In Iraq, 50 employees from a Sunni-led private security firm have been kidnapped in Baghdad. The men were abducted during a daytime raid by gunmen wearing police commando uniforms issued by the Interior Ministry. The Shiite-led Interior Ministry has publicly denied it OK'd the raid but the Los Angeles Times reports that sources in the ministry confirmed the gunmen were "commandos with the ministry's major crimes division." The mass kidnapping occurred less than a day after police found 18 bodies in a minibus in a Sunni area of Baghdad. All of the men had been shot or strangled.

Want to know the number of Iraqis killed "execution style"? Again, from Democracy Now!:

Shiites Direct Ministry to Stop Counting Deaths Caused by Militias
Meanwhile the Washington Post is reporting the leading Shiite party in Iraq's governing coalition has directed the Health Ministry to stop tabulating execution-style shootings in order to minimize the number of casualties caused by Shiite militias and death squads. According to the paper, the Supreme Council for the Islamic Revolution in Iraq, ordered government hospitals and morgues to continue cataloging deaths caused by bombings or clashes with insurgents, but not by execution-style shootings.

Mike noted that at his site and here's his commentary on it:

Who else is trying to be like the Bully Boy? The governing Shiites. Don't record deaths and they didn't happen. Hide the bodies from public sight and no one knows. That's not democracy but it is Bully Boy so he's exported his own denial and lies to Iraq.

That is like the Bully Boy to hide it away. We won't know the number anymore. It made some people too nervous. Just like we can't know the actual fatality toll for Iraqis since the invasion began. It gets hidden away, as though actual people don't matter. But they do and your voice matters so use it this month. Repeatedly. Otherwise? Sing the song:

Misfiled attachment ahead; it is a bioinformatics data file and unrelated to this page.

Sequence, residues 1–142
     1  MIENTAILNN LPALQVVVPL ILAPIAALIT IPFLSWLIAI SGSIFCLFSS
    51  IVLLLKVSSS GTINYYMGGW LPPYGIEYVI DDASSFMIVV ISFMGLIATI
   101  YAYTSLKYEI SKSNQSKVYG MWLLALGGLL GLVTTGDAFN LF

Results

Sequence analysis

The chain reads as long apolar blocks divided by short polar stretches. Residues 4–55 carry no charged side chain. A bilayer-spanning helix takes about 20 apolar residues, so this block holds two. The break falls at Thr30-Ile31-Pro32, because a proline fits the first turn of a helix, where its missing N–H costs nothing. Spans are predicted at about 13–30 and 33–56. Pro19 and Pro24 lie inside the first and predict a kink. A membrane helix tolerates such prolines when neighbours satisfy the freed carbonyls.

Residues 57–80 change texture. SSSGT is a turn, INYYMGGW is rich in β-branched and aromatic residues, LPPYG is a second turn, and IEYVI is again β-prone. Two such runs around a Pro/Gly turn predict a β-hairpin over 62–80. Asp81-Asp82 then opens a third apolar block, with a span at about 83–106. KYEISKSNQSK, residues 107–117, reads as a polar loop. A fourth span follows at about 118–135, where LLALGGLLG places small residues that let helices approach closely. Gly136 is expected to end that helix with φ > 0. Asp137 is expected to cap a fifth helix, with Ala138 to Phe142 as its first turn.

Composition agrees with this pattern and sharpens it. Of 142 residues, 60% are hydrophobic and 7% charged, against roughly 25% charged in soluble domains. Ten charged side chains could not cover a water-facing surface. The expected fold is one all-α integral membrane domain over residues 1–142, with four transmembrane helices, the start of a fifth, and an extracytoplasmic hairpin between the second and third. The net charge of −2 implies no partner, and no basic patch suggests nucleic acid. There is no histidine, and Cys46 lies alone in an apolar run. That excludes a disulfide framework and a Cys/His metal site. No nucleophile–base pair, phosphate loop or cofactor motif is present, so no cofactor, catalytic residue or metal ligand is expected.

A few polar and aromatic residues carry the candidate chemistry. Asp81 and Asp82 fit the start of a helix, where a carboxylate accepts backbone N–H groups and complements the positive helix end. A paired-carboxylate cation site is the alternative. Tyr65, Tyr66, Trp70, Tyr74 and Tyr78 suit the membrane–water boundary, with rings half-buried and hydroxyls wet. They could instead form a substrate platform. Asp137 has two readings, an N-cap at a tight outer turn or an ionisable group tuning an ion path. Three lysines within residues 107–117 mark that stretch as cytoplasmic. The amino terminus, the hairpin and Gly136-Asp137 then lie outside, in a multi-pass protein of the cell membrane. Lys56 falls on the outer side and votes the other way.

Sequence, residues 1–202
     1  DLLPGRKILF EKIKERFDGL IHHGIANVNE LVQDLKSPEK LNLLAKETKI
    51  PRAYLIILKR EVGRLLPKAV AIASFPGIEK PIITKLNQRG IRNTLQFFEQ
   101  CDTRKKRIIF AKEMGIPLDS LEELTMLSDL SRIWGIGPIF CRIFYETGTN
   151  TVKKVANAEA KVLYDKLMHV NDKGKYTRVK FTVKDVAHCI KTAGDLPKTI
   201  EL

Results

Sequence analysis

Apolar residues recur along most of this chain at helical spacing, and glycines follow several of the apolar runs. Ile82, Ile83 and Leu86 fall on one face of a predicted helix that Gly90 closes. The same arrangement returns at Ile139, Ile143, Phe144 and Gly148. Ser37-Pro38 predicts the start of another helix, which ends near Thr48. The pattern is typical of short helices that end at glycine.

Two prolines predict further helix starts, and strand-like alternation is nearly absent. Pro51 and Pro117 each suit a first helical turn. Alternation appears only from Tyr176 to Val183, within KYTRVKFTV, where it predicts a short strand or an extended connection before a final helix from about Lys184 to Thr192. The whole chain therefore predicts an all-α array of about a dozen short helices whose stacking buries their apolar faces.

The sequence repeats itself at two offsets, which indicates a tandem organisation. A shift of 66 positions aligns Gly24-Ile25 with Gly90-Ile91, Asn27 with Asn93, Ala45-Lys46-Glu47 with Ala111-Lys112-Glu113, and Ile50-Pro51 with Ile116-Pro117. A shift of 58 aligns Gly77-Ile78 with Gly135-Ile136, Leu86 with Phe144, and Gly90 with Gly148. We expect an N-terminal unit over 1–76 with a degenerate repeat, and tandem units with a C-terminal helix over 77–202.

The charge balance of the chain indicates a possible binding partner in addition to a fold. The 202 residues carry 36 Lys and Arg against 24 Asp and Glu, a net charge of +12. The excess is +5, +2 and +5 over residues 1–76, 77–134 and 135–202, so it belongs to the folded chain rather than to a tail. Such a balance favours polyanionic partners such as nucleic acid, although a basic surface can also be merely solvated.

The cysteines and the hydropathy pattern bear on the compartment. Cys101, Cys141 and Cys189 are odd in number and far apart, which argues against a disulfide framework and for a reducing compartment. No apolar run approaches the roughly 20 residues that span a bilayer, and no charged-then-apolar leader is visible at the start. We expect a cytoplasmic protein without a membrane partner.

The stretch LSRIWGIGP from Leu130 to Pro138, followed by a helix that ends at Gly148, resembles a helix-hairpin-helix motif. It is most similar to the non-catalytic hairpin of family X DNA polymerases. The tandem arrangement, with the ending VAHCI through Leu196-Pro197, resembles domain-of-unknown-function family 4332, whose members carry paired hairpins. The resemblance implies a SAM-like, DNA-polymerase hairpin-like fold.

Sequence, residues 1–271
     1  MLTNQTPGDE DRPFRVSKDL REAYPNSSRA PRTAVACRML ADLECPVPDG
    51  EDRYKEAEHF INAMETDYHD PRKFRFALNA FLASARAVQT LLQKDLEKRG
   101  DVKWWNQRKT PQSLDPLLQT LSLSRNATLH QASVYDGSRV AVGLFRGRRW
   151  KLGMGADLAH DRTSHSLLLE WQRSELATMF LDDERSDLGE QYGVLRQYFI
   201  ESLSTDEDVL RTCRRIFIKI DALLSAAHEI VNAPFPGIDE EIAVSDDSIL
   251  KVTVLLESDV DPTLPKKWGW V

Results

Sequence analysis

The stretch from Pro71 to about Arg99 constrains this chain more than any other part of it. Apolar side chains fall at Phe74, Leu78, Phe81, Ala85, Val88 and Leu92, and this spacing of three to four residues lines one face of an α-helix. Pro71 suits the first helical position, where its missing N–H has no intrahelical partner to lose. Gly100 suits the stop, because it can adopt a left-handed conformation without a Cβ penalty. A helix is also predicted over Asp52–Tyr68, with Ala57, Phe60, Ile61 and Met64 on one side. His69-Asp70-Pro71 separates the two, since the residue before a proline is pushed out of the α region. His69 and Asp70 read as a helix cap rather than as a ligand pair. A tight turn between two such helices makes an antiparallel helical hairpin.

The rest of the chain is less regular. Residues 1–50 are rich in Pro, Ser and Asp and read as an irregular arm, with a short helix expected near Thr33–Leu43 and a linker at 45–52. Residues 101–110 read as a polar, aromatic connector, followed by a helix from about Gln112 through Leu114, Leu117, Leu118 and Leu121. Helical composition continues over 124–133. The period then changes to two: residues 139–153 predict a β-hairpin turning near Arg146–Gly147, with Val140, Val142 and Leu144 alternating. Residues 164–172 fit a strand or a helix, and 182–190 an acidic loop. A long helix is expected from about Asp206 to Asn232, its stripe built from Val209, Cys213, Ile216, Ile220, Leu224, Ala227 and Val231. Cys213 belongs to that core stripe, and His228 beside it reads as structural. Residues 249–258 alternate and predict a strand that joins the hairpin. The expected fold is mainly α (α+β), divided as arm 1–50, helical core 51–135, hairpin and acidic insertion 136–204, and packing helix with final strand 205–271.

They're just there to try and make the people free,
But the way that they're doing it, it don't seem like that to me.
Just more blood-letting and misery and tears
That this poor country's known for the last twenty years,
And the war drags on.
-- words and lyrics by Mick Softly (available on Donovan's Fairytale)

Melissa also noted "Infiltration Alert: FBI Spying at DePaul" (Chicago Indymedia):

Federal Bureau of Investigation agent
Jen Rettig, a member of the Chicago Terrorism Task Force, recently contacted a DePaul student, asking the student to infiltrate "animal rights groups" and report on their activities to the FBI. The Student stated that after her parents told her it would be akin to snitching, she declined. Rettig's sister is a professor at DePaul. The FBI has declared all out war on animal rights and environmental groups, declaring such non-violent groups as the Earth Liberation Front and the Animal Liberation Front, "the number one domestic terrorist threat to the United States." Recently informants (such as this woman) helped the FBI raid several progressive spaces (such as the Catalyst Infoshop in Prescott, AZ) and arrest suspected activists. We would like to remind everyone of their rights. If you are approached by an FBI agent, you do not have to talk to them. You can simply say, "I have nothing to say to you and would like to speak to a lawyer." Get their contact information if you can, but do not give them yours. Remember, snitching is never acceptable. Read the full article here.